At one point, the Sound got a little wider, just slightly wider than the length of the ship, so Captain Eric pirouetted the ship 360 degrees to give everyone on board a view of a big glacier, and an intensely close view of the rocks. This ship, like many modern cruise ships, doesn’t have propellers in the rear, but it has what they call thrusters, which are pods under the ship that can turn in any direction, so the ship can rotate around a point without moving forward or backward. It can even go sideways. Then a little while later, near another wide-ish point and another glacier he did two 360 degree turns in a row. After the scary docking maneuver in Isafjordur the other day, and these show-off spins today, I am convinced that Captain Eric is a crazy-ass nautical stunt driver. At one point, he had to steer the ship a certain way to avoid a couple of icebergs the size of small apartment buildings. In order to do that, he had to get very close to a much smaller iceberg. It was only the size of an SUV. It hit the ship on the side with a great big BANG! Twice. Good news. We’re still floating.

It got to be time for lunch, so we had some “New York Pizza” outside in The Retreat. Pizza-by-the-glacier, yet another not-to-be-missed experience.

Now we had a tough choice. Should we continue to stay outside and watch the unsurpassed beautiful scenery, or should we go in to attend two lectures that were scheduled. For some strange reason, maybe beautiful scenery overload, we chose the lectures.

The first lecture, another one by Bill Bendel was called “Mars: Past and Present”. Tomorrow he’s doing one on future missions to Mars. A lecture about Mars is very appropriate today, because, except for the water, that’s what it looks like outside. You don’t have to worry. I know you aren’t interested in all the facts about Mars he gave us. I won’t bore you any more than I have in the past. Oh, yes, he did break the news that in 2050 Holland America will have an itinerary that includes Mars. He suggested we sign up now and get a fifteen percent discount.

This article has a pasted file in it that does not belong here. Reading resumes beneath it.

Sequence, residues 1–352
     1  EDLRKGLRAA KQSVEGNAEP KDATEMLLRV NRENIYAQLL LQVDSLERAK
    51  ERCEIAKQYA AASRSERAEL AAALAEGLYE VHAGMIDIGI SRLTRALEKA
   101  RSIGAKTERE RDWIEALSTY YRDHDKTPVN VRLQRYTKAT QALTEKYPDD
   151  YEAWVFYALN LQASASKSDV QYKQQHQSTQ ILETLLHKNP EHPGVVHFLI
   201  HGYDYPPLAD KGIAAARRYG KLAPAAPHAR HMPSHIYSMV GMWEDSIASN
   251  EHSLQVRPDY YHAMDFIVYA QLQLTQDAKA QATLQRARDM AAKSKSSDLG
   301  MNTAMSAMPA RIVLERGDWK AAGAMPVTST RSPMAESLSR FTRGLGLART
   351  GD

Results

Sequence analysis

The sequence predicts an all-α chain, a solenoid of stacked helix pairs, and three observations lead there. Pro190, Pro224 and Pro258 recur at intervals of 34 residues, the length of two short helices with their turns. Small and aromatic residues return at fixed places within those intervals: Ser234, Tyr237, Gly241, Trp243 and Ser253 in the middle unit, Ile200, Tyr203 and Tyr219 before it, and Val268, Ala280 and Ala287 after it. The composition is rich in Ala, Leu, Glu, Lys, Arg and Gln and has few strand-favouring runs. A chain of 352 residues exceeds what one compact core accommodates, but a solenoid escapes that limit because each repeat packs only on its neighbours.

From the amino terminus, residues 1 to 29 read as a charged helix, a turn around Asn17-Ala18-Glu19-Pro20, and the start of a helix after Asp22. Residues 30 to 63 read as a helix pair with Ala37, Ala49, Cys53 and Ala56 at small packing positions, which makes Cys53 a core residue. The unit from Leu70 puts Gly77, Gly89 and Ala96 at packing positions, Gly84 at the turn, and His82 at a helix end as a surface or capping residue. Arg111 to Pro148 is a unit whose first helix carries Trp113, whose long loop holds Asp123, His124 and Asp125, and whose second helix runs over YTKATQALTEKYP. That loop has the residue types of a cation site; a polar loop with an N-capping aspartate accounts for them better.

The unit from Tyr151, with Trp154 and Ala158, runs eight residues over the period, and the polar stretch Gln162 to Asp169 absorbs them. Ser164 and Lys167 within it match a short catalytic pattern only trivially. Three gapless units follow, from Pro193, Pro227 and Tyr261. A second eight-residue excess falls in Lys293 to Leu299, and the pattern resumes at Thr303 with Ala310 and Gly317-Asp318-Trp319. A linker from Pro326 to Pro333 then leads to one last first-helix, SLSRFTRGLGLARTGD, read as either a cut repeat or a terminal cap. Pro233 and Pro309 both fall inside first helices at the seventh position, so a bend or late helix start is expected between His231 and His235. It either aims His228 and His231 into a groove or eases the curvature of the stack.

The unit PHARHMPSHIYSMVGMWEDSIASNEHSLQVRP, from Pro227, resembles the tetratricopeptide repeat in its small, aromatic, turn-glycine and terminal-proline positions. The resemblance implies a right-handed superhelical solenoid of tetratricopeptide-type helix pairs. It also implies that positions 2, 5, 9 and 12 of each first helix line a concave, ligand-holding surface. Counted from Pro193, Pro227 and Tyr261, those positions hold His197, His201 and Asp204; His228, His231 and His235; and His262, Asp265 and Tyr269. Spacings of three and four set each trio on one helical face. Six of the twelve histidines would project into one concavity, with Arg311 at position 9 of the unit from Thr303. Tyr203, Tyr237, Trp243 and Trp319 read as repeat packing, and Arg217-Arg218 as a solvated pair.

The second lecture, by a new lecturer, Tim Calvert, was about “Great Ocean Liners of the Past”. It was interesting, even though he wasn’t a great speaker, because he had a lot of old pictures of the old ships. He even had a painting of the first Rotterdam, which sailed from 1873 to 1883. The one we are on is number six, I think. Number five is a floating museum in the city of … Rotterdam. It sailed until 1997. Some of the crew on this ship sailed on it. His next lecture is about Lighthouses. The lectures on this ship are very good. On one of our previous cruises, the only “lecturer” played short clips of his favorite Hollywood movies.

(… cosmologically speaking, the entropy of the universe increased by a small amount, i.e. it’s later than it was before …)

A very strange thing is happening. We exited the Prince Christian Sound a few hours ago, and were in open water. Now we seem to be in some fjord, which is ok, except the ship is moving extremely slowly, barely crawling. It’s about 8:00 pm and the sun is setting soon so this isn’t some scenic cruising. I looked out and didn’t see any icebergs or other obstructions, so we don’t have any clue as to why the ship is going so slow. Maybe the crew forgot to wind up the humongous rubber band that drives the engines.

The sun is setting and now I have figured out why we are here and why we are going so slow: Captain Eric is a romantic. We have a view of a breathtaking sunset with the mountains and rocks of the fjord silhouetted against it. Now the moon rose above the mountains. Thank you, Captain Eric.

Oh, and I forgot to mention one other significant piece of information. The sun stayed out ALL DAY!

Click HERE to see the best pictures.